Researchers from Stanford University have designed a wearable device that measures how much cortisol a person is producing through sweat, according to a press release from the university.
“Our aim was to develop a device that can give us more information about our health status than a single biomarker does, and a device that is potentially able to tell us how our metabolic and immune systems are affected by [our physiological] conditions,” Onur Parlak, PhD, of the department of materials science and engineering and post-doctoral scholar at the Salleo Research Group at Stanford University, told Endocrine Today. “This curiosity brought us to [start] work on a cortisol sensor, since it [is] well documented that cortisol is the hormone that affects blood pressure, metabolism, immune response, memory and [that] can, over time, contribute to the development of chronic diseases.”
Because current methods for testing cortisol levels require waiting several days for lab results, a person’s cortisol level may already be different from what it was at the time the test was taken, according to the press release. To combat this delay — and help health care providers give the most time-efficient treatment for certain medical conditions — the researchers created a stretchy patch that is applied directly to the skin and can, by sensing sweat, assess a person’s cortisol levels.
This type of fast-working test can be additionally beneficial in revealing the emotional states of young, sometimes non-verbal children, who cannot yet communicate feelings of stress, according to the release.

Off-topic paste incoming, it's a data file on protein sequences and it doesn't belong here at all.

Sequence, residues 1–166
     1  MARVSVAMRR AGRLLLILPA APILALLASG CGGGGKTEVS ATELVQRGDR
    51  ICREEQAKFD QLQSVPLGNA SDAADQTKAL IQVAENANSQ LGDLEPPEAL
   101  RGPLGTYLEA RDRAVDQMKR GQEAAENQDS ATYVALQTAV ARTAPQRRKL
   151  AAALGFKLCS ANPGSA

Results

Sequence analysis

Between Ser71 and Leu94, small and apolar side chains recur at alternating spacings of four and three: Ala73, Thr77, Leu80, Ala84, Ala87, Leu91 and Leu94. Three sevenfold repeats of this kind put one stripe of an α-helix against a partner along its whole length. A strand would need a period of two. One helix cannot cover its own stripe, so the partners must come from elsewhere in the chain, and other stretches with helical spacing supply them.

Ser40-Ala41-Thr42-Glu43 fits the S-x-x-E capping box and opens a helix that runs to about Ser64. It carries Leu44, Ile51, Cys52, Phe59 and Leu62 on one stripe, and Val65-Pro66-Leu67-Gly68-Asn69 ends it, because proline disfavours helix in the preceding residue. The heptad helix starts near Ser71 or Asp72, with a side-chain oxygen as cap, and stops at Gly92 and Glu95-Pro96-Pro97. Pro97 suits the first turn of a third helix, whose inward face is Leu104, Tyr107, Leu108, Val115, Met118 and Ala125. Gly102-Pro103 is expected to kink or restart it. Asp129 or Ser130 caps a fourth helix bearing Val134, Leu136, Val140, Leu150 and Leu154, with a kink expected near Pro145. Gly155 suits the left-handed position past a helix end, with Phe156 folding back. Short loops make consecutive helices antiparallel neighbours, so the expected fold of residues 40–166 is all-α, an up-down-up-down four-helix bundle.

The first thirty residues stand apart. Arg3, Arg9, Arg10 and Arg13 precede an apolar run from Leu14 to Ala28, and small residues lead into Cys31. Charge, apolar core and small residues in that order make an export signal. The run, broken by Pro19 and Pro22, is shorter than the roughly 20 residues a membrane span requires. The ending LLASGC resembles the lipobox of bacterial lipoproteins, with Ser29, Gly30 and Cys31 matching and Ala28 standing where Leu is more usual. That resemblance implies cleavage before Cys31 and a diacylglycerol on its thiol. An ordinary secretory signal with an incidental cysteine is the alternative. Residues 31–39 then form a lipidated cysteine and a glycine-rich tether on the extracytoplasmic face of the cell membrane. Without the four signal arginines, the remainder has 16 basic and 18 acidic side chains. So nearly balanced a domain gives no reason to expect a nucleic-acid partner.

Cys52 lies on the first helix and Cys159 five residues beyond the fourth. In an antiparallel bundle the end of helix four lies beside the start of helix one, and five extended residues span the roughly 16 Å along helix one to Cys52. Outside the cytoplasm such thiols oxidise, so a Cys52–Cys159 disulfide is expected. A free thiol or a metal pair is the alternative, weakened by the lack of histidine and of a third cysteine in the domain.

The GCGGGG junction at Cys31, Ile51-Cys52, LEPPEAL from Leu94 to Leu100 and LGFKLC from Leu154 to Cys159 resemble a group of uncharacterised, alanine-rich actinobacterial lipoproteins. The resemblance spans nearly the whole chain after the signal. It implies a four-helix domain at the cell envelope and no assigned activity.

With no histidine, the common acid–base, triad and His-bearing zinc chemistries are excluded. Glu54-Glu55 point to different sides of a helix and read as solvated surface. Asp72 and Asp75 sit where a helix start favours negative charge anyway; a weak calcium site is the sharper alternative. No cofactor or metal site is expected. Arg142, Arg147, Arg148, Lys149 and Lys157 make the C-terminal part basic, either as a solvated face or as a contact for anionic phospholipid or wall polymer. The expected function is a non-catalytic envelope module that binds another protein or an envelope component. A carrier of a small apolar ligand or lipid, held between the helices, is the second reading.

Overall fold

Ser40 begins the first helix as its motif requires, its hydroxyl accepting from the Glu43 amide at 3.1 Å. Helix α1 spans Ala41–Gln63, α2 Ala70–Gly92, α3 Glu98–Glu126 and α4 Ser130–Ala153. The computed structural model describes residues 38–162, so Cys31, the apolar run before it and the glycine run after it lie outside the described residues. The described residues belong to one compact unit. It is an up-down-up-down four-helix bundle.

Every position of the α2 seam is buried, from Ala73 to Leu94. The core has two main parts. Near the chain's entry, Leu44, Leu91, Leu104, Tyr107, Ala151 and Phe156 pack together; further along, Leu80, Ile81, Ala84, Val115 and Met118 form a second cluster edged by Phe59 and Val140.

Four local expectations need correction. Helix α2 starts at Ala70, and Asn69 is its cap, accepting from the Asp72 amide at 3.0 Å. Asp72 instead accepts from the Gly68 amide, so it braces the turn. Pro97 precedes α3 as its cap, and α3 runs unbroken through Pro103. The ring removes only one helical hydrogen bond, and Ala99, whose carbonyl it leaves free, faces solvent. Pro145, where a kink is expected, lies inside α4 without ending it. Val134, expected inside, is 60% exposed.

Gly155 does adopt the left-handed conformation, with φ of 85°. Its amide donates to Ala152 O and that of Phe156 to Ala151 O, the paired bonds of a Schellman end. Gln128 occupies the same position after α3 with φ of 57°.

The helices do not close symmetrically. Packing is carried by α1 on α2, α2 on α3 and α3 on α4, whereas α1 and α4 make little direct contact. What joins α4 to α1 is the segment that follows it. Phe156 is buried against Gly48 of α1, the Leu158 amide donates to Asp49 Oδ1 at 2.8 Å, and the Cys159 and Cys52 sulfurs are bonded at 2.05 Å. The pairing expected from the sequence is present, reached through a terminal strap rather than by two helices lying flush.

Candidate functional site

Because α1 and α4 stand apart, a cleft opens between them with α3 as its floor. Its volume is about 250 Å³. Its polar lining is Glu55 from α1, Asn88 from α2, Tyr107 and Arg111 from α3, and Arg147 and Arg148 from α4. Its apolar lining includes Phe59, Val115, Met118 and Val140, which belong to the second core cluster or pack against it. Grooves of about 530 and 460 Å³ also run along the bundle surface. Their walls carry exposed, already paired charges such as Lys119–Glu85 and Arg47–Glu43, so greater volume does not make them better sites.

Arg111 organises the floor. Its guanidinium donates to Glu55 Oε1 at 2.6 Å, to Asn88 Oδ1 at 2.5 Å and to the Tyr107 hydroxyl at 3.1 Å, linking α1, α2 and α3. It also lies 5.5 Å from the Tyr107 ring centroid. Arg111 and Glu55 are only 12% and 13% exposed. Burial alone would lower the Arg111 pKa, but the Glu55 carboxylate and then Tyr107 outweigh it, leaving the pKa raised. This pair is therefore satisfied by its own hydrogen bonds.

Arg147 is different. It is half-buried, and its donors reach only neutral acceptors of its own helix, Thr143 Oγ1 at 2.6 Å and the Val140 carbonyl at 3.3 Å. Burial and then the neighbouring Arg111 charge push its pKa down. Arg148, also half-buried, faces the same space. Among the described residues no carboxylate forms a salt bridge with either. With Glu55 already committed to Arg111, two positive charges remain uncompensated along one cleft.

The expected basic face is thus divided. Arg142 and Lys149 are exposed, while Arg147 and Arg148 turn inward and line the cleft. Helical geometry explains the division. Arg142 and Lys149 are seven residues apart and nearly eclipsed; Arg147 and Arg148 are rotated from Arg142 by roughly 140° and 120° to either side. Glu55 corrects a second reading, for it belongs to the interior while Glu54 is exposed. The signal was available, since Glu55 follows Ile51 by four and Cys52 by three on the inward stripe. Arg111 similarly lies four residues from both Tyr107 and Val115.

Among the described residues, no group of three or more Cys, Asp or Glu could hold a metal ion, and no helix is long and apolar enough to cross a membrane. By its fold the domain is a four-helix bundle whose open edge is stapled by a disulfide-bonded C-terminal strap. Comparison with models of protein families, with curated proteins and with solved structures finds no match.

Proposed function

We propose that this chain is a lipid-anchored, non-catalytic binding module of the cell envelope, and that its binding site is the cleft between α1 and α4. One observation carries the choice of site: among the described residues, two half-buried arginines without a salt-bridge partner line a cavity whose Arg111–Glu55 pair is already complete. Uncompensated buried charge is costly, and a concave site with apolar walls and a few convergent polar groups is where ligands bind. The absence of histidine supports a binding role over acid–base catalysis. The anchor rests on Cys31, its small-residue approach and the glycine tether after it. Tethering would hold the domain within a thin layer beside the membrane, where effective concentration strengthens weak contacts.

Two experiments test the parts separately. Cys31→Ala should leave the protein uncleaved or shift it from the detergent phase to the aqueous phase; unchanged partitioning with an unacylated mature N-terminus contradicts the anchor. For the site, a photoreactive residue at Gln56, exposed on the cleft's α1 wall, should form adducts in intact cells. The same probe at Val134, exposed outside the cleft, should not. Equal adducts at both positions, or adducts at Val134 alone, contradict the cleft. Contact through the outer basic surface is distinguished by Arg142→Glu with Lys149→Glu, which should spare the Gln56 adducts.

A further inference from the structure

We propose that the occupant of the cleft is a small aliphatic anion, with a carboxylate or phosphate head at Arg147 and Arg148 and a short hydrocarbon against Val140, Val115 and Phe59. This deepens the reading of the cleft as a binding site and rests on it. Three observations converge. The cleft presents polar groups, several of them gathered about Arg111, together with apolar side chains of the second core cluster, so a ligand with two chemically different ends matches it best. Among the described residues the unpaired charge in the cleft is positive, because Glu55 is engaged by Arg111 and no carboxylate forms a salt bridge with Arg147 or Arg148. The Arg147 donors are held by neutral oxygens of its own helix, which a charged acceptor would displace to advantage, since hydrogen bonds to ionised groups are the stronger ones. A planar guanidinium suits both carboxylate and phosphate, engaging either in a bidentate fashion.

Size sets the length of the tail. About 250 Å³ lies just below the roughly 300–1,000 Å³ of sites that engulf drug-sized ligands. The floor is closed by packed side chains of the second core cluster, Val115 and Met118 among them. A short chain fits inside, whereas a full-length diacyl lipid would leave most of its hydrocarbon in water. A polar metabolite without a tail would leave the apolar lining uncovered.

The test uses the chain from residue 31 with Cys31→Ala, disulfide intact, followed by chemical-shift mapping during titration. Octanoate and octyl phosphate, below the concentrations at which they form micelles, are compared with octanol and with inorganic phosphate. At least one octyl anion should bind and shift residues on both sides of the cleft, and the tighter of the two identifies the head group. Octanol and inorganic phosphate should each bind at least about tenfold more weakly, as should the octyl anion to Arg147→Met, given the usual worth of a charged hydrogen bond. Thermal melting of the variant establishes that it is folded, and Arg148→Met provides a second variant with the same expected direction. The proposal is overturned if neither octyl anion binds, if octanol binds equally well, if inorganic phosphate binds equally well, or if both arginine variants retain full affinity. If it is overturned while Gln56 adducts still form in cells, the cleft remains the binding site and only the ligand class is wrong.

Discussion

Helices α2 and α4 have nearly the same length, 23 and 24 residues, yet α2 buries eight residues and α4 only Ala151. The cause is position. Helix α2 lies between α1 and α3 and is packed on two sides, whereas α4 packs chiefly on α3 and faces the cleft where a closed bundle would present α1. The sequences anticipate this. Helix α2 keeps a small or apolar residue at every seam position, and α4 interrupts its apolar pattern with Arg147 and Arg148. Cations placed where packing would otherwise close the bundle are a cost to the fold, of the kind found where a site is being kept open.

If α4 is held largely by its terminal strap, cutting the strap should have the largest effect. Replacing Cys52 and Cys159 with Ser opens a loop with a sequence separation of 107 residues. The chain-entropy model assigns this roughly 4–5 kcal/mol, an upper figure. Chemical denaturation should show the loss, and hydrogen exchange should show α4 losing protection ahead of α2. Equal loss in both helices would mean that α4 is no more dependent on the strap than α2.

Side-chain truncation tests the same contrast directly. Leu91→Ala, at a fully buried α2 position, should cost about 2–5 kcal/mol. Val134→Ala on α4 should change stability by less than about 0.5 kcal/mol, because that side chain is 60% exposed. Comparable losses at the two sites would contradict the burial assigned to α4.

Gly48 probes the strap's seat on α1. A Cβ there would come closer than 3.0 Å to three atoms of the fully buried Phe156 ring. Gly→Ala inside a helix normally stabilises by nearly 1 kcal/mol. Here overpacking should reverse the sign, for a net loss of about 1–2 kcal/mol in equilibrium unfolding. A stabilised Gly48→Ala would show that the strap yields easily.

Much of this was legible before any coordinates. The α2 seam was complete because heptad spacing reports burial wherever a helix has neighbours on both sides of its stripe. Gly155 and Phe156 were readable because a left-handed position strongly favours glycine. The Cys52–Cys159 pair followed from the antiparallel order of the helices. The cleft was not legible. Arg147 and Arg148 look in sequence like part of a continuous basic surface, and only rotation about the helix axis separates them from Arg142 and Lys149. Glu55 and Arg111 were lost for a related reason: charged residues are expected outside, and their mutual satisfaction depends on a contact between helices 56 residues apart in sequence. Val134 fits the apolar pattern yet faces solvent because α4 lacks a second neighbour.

Wearable sensor technology is evolving to the point where we can monitor our health status in real-time and extract valuable information to potentially predict future diseases, according to Parlak.
Researchers from Stanford University have designed a wearable device that measures how much cortisol a person is producing through sweat.
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However, he cautions against over-promoting continuing monitoring devices for certain diseases when the research is not yet fully developed.
“In this way, we raise expectations that we cannot meet [at this time],” Parlak said. “Our device [is] not there yet, but we are now able to detect the cortisol hormone from human sweat. This is a good start! More research efforts can make this device a promising tool.”– by Melissa J. Webb
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Parlak, PhD, can be reached at email@example.com.
Disclosure: Parlak reports no relevant financial disclosures.